As part of the first, the rigorous selection process of the community health workers ensures an optimal skill set; also, an 85 percent time allocation towards field based activities and 15 percent towards clinical assistance at the RMHC, under the supervision of the nurse, allows for the proper development of the competencies of the community health worker.
As part of the second, each RMHC is equipped with tools to deliver a) diagnostics (through auto-analyzers that facilitates hematology and blood biochemistry); b) ophthalmic interventions (refractive errors and cataract management both pre- and post-operative); c) strip tests (pregnancy, urine analysis and malaria); d) automatic prescription (through a web based electronic health record combined with a computer based decision support system); and, e) pharmacy intervention (a drug distribution licence for Sughavazhvu Healthcare enables the RHMC to stock medicines necessary to fill basic prescriptions recommended by the nurse/doctor).
(Above: A Rural Micro Health Center).
As part of the third design, curative interventions envisioned at the RMHC are standardized evidence-based primary care curative protocols, based on the SOAP (Subjective Objective Assessment Plan) methodology, evolved in partnership with the School of Nursing at the University of Pennsylvania. A Health Management Information System (HMIS) helps implement the SOAP methodology for primary care visit, as well as facilitates the supply chain management of drugs from a centralized drug centre. The HMIS is also used by the nurse at the RMHC to ensure rational drug usage through strict compliance of National Essential Drug Guidelines. Lastly, the HMIS also is used for medical insurance, patient referral and follow-care management.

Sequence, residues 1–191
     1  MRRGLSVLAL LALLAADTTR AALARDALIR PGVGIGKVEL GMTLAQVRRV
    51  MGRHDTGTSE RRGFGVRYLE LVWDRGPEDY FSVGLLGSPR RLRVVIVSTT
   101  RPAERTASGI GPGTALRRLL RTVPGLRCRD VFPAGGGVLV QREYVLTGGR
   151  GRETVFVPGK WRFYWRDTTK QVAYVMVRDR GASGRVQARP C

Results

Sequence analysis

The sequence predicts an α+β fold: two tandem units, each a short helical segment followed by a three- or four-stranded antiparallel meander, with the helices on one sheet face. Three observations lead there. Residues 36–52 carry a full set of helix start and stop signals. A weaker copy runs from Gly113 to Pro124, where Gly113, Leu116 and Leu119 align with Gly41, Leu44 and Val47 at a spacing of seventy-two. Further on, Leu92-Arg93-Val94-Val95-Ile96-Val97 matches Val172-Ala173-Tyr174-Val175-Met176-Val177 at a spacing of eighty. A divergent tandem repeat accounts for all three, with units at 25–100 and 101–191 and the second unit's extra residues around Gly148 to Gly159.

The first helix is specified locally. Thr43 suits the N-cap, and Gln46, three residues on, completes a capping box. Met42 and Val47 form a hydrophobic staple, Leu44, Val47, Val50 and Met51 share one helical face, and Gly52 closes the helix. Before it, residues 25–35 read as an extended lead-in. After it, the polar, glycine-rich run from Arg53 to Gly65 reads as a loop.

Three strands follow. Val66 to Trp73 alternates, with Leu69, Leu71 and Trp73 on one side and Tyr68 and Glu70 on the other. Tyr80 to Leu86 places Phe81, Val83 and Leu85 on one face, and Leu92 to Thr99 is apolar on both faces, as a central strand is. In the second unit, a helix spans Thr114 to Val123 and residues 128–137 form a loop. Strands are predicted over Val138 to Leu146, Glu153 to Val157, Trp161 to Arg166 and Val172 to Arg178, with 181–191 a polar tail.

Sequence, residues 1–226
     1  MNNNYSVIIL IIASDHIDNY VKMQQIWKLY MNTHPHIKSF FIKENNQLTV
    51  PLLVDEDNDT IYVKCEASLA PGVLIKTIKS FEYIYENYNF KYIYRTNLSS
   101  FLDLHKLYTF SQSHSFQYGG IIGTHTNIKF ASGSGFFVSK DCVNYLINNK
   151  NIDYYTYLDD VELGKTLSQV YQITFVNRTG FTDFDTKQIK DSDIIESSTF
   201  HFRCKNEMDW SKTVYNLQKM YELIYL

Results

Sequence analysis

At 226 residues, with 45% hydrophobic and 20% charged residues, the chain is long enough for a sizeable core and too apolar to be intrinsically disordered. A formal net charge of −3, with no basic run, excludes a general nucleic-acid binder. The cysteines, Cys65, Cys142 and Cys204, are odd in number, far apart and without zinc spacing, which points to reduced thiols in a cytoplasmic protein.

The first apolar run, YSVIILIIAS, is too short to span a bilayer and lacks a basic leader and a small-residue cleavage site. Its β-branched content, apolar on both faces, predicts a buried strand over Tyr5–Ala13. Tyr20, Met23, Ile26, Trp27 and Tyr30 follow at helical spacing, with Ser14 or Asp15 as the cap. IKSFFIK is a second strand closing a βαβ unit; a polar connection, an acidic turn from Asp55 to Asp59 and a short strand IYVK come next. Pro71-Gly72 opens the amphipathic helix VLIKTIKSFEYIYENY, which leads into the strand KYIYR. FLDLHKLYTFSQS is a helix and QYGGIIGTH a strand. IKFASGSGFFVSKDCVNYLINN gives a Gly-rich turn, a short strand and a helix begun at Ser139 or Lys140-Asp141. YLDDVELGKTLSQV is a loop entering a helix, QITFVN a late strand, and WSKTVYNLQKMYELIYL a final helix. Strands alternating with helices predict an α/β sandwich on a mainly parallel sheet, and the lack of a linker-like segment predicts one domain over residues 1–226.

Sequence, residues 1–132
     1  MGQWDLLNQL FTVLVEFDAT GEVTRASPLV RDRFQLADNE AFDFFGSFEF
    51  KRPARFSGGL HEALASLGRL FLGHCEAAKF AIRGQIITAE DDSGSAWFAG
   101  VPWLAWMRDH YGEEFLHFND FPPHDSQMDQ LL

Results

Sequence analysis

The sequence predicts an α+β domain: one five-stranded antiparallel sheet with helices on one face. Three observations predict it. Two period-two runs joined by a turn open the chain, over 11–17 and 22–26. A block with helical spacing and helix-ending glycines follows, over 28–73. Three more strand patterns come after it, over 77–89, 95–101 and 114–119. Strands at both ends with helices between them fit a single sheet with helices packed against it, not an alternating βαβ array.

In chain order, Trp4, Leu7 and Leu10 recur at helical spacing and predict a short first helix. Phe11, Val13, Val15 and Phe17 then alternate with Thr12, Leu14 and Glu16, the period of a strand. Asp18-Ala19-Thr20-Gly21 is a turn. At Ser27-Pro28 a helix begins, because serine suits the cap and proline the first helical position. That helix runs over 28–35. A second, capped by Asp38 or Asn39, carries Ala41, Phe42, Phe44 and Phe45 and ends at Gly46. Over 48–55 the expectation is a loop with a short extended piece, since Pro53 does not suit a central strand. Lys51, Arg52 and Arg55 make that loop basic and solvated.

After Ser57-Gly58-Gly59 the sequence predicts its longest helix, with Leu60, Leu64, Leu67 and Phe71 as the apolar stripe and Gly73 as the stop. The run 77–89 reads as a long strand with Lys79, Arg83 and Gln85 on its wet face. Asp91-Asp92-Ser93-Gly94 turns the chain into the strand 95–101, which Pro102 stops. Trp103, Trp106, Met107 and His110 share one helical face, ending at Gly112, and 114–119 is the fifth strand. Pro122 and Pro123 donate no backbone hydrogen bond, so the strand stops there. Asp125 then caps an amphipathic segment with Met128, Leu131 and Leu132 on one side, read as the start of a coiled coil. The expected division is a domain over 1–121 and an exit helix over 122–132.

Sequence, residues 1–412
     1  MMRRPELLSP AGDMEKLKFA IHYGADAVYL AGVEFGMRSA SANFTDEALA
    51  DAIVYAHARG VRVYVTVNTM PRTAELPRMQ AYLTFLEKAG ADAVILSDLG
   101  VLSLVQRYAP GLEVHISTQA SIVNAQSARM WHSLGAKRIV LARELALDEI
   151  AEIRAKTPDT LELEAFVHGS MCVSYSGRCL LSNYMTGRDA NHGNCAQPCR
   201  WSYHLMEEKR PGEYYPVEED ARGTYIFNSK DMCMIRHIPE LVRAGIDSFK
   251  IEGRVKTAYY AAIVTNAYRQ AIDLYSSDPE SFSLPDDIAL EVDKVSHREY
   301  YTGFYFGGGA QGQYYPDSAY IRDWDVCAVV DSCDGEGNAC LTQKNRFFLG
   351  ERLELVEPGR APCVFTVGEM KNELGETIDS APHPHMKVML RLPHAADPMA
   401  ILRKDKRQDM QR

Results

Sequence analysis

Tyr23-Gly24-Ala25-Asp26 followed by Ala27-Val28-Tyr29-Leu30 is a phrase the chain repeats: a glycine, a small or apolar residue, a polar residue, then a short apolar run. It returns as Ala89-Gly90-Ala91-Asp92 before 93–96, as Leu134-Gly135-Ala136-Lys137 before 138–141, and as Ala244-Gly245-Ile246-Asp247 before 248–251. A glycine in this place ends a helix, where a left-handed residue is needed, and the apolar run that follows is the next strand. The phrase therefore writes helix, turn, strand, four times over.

Finally, in order to address patient-financing deficiencies in the system, the RMHC is planning to roll out many financial interventions that show promise of shrinking the deficit between low income households' ability to pay and the cost of primary health care. These interventions, along with other indirect non-health means, will need to be deployed if the low-income households are to successfully access all the primary health care they need.
The for-profit private sector is a major player in the health care arena in nearly all countries. Individuals- both rich and low-income households - are willing to pay for many health services, which stimulates private provision of health care. As in any market, there is competition based on price, and there may also be competition based on quality or other characteristics of providers. And for market-based healthcare model targeted at low income households to succeed, it is imperative that quality remain high and costs are kept low as possible. Models such as the ICTPH-Sughavazhvu Healthcare led RMHC are out there trying to do exactly that. They're innovating, and in the process, bringing forward solutions to satisfy human needs profitably and creating wealth for the company and the community it serves!